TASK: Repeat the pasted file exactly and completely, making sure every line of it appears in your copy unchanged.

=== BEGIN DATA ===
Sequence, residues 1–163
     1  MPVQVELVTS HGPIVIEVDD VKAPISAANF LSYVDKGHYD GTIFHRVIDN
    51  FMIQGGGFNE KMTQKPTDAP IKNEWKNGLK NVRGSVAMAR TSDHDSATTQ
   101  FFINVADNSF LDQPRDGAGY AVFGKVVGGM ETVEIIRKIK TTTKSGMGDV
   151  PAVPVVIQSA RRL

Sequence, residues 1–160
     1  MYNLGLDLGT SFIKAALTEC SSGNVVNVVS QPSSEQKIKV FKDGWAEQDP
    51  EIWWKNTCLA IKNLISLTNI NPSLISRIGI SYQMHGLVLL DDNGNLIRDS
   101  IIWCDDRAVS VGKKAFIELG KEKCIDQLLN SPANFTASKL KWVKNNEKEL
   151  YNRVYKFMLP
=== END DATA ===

Sequence, residues 1–163
     1  MPVQVELVTS HGPIVIEVDD VKAPISAANF LSYVDKGHYD GTIFHRVIDN
    51  FMIQGGGFNE KMTQKPTDAP IKNEWKNGLK NVRGSVAMAR TSDHDSATTQ
   101  FFINVADNSF LDQPRDGAGY AVFGKVVGGM ETVEIIRKIK TTTKSGMGDV
   151  PAVPVVIQSA RRL

Sequence, residues 1–160
     1  MYNLGLDLGT SFIKAALTEC SSGNVVNVVS QPSSEQKIKV FKDGWAEQDP
    51  EIWWKNTCLA IKNLISLTNI NPSLISRIGI SYQMHGLVLL DDNGNLIRDS
   101  IIWCDDRAVS VGKKAFIELG KEKCIDQLLN SPANFTASKL KWVKNNEKEL
   151  YNRVYKFMLP